Every now and again I get an abusive email. It’s never from someone I actually know. My real clients are amazing people–sensitive, kind and resilient. They value my time and their own and we don’t have any issues with keeping respect for one another really high. But, before someone becomes an actual client, there is a certain amount of calling or emailing back and forth to discuss our schedules, the fee and other particulars. Last week, a fellow disagreed with the fact that I charge at all (because hey, my children like to eat and stuff) and decided to let me know that through several vitriolic and extremely personal emails that covered everything from how I look to his perception of my moral compass. I wondered to myself as I read them, “Does this guy ever really think about what is going on in anyone else’s life?” If he had been sitting there with me in person, would he have dared to be this unkind?
When I have an interaction like this that riles me up, I always try to visualize the person doing something vulnerable. For instance, I picture their mothers holding them when they were babies or how the person might look in a quiet moment of doubt. This helps me realign myself to the fact that we’re all mostly just playing a big game of bumper cars with life–bouncing off of people and experiences that give us the feels and trying, with sometimes limited skill sets, to figure out what to do with all that. I have discovered in couples therapy, that when partners can step back and have sympathy for (not agreement with) what is going on with their spouses, they can make decisions that are more clear and intuitively guided.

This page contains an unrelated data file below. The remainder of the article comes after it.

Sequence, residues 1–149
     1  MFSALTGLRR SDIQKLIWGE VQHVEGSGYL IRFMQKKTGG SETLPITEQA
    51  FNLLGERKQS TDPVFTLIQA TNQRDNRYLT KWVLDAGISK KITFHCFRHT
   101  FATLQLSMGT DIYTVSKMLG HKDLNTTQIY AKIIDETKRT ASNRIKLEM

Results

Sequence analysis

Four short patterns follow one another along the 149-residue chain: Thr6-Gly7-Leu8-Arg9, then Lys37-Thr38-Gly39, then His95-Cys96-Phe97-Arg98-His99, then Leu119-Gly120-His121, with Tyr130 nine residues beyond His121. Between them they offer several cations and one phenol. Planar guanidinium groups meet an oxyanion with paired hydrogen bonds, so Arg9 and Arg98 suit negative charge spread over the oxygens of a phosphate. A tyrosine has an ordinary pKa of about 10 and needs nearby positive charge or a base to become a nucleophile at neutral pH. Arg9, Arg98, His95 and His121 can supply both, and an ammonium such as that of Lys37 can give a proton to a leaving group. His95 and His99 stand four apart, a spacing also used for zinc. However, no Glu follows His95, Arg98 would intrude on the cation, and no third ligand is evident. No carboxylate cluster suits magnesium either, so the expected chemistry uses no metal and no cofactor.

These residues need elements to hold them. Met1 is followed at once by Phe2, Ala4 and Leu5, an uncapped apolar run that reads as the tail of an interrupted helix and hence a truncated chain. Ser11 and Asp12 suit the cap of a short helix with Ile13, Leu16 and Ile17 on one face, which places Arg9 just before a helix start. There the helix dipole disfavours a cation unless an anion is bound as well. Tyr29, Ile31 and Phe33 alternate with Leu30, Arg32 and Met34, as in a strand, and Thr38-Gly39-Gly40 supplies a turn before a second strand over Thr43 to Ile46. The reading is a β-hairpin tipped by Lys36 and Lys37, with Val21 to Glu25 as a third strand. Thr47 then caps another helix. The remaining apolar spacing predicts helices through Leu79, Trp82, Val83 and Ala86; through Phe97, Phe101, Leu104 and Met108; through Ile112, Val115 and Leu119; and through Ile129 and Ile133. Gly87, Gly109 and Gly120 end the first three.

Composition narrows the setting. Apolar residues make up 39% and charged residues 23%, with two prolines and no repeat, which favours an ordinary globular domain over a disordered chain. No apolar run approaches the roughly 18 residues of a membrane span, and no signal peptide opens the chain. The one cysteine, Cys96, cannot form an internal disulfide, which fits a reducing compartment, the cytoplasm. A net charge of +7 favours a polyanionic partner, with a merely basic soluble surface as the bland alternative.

Stuck conversations happen when you’re not sure if an issue can even be resolved or when you are afraid to tell your partner what you really think. If you suspect that you and your significant other are trapped in a quagmire like this, what should you do?
Offer to be the designated drive in that conversation.
This means that you will ask really good, open-ended questions without interjecting a lot of judgements or advice. You will purposefully steer the other person towards developing his or her own deeper understanding of a topic. It always helps you if your partner can get more clear about his or her motivations and desired outcomes, especially if you think you won’t like what those things are. It’s essential to be speaking the same language based on the same evaluative system. And, when you really understand, you can be more empathetic.
So, what does an open-ended question look like? Here are a few to get you started:
1) Tell me more about how you feel about___?
2) What scares you the most about the situation we’re/you’re facing?
3) How will you know we’re/you’re resolving this?
4) What is the best possible outcome to this conversation/event?
5) What do you think you need to begin to see ___clearly?
As the designated driver, you agree to provide not just a sounding board, but to actively take the keys and bravely give it a little gas. I think deeply meditative conversations like this in which the DD pushes for details and nuance take more patience and greater conversational skill than simply jumping in with suggestions.
Do you and your partner need a tune up? Would you like to learn more about how to really get your relationship engine humming? Why don’t you come on in so that we can talk about it.
Your Partner in Healing,
Are you looking for individual, couples or group therapy in Raleigh? Call me today to schedule a consultation to learn how counseling can help you. Please contact me at (919) 714-7455 or email me at email@example.com. Visit me on the web at www.lotustherapycenter.com or:
Facebook: Lotus Therapy Center
Google +: Holly Cox